It's sort of difficult because I never analyse what I do, so I
suppose you'd have to put songwriting in there somewhere as being the
core of my legacy. And then I suppose playing live - singing and
playing live, and then making records. So I suppose you would
summarise that by saying songwriting, playing live and making records.

From Kelly: What and when was your favorite place to perform, from
any stage of your career and any type of venue?

That's an impossible one to give one answer to because what happens
is that you get different favourites. This year it has to be the White
House, which is lofty and wonderful- you know, playing to the
President of America and his family. Many many years ago it could just
have been playing down The Cavern on a sweaty night. Both are equally
as exciting but in completely different ways. Then playing a huge gig
like we did in Brazil at the Maracana Stadium to 184,000 people, or
playing in Rome to 500,000 people or Kiev to 300,000 - those are all
really exciting, but the others are just exciting, they are just
exciting in different ways. It's very hard to just choose one.

From Jane Waugh: What's it like for you knowing that there are
people of all ages crying copious tears of joy when they are at your
concerts? Has it ever brought you to tears?

It's very emotional actually, yeah. The good thing is that I can't
see them most of the time because of the way the lighting is and you
have the spotlight in your eyes. The last time I remember it bringing
me to tears was when we were playing Amoebe records store in Los
Angeles and I was singing 'Here Today' for John, which is always an
emotional song because it brings back memories of me and John when we
were kids. I was holding it together until I looked into the audience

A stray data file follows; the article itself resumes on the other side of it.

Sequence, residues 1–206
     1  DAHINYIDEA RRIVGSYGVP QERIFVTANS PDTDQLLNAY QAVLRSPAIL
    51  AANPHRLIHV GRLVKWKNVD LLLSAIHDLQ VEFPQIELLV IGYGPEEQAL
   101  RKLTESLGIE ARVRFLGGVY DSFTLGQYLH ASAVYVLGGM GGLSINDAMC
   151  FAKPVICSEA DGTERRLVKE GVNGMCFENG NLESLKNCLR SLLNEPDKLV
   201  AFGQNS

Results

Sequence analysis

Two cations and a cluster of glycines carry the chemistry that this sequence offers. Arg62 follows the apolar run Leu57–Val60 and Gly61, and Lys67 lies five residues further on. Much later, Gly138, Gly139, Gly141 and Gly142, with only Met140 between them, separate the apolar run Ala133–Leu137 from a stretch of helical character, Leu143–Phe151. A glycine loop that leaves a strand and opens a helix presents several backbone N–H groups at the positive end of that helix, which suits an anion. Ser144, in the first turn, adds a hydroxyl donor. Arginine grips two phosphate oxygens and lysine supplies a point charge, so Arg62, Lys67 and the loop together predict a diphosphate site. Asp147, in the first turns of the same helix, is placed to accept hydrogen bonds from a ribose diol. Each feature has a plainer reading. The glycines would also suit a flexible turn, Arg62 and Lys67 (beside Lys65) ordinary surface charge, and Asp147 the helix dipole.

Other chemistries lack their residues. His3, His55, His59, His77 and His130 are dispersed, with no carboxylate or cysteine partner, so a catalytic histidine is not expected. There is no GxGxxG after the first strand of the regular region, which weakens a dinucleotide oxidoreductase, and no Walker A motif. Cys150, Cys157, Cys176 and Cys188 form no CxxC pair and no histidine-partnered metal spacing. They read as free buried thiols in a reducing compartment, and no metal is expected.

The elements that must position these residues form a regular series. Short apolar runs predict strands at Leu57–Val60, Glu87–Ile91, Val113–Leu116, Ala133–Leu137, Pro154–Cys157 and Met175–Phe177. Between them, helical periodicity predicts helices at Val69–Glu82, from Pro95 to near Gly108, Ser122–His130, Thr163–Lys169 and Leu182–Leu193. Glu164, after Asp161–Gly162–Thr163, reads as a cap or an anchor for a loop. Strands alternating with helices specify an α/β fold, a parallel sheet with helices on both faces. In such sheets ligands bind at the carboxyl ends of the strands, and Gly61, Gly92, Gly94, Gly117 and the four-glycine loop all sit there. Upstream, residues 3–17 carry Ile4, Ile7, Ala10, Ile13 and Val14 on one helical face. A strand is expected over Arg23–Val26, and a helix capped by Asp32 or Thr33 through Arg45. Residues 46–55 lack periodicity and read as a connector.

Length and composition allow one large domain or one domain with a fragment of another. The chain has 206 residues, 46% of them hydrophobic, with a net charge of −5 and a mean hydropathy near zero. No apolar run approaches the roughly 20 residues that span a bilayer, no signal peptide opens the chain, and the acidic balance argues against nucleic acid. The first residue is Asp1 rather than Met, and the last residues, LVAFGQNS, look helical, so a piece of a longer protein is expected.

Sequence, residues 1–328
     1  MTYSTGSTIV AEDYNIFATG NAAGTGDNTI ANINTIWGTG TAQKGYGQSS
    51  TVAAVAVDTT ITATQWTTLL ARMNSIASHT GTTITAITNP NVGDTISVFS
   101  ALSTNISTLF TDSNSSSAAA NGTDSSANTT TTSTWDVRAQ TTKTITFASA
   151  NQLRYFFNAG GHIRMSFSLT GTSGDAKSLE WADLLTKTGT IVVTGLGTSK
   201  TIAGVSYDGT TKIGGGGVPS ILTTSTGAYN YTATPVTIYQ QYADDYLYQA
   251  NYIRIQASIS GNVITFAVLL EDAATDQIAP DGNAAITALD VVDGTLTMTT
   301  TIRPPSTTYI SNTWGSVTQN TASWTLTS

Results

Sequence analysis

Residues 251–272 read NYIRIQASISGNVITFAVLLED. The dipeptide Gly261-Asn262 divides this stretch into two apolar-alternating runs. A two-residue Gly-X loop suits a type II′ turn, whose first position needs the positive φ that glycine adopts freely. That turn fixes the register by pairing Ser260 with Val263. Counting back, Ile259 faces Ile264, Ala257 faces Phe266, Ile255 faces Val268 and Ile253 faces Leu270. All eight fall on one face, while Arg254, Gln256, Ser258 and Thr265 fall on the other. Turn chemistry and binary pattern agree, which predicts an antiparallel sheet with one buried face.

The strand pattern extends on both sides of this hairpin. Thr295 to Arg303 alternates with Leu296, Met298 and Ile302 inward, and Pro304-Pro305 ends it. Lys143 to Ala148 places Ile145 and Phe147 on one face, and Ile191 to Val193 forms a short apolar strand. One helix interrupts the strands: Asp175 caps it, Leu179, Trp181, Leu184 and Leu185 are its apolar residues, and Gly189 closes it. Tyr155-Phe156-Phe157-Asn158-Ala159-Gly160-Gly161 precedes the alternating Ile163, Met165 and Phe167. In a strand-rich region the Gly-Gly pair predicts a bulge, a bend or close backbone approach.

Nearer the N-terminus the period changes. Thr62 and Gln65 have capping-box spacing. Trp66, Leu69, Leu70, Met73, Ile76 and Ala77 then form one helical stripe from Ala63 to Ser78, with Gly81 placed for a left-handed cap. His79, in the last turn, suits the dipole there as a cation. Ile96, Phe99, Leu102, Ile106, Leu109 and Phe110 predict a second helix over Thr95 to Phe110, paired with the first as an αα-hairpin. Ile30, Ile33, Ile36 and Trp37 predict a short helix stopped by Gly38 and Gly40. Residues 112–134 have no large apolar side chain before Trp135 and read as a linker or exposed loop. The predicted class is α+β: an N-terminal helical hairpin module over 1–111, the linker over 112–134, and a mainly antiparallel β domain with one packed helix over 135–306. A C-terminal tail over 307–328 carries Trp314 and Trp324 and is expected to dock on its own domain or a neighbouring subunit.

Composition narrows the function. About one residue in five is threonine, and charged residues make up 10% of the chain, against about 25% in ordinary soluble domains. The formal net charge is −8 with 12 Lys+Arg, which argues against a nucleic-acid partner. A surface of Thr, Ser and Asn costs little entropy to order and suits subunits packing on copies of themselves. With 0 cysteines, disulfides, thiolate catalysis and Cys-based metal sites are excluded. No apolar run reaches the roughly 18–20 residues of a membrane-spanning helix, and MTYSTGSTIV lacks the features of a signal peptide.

and because it was a record store I could see everyone clearly. I just
saw this girl who had totally lost it and was weeping and it got me. I
tried to look away and forget it but it was impossible - I just went
with her. So that's the last time I can remember. It does happen
occasionally with such an emotional song. And these gigs are emotional
because I am a family guy so it's great to see these people enjoying
themselves together, people of all ages. When you see them getting
emotional it can affect you. But as I say, a lot of the time I can't
see it, which is probably OK, or I'd probably just be weeping through
the whole concert - how many tissues can I use?! Thousands!

From Nick Walker, Weather Channel presenter: I use my voice in my
job so I know how important it is to keep it in shape. I saw your show
and was knocked out by your vocal stamina. Do you have any tips on how
to keep the pipes from giving out after 3 hours of singing?

I am very lucky - touch wood! - because I don't really think about
it that much. I have this sort of belief that it is going to be
alright and I think that's the main tip. But I do a couple of things -
I inhale Olbas Oil - I put a few drops in hot water and inhale the
steam, or sometimes gargle with a bit of salt water. I don't know if
it really does anything but the ritual does. It helps mentally - I
think it is mainly psychological.

From Mauricio Floresmeyer: How was your experience in Mexico? Was
there one song that you enjoyed the most?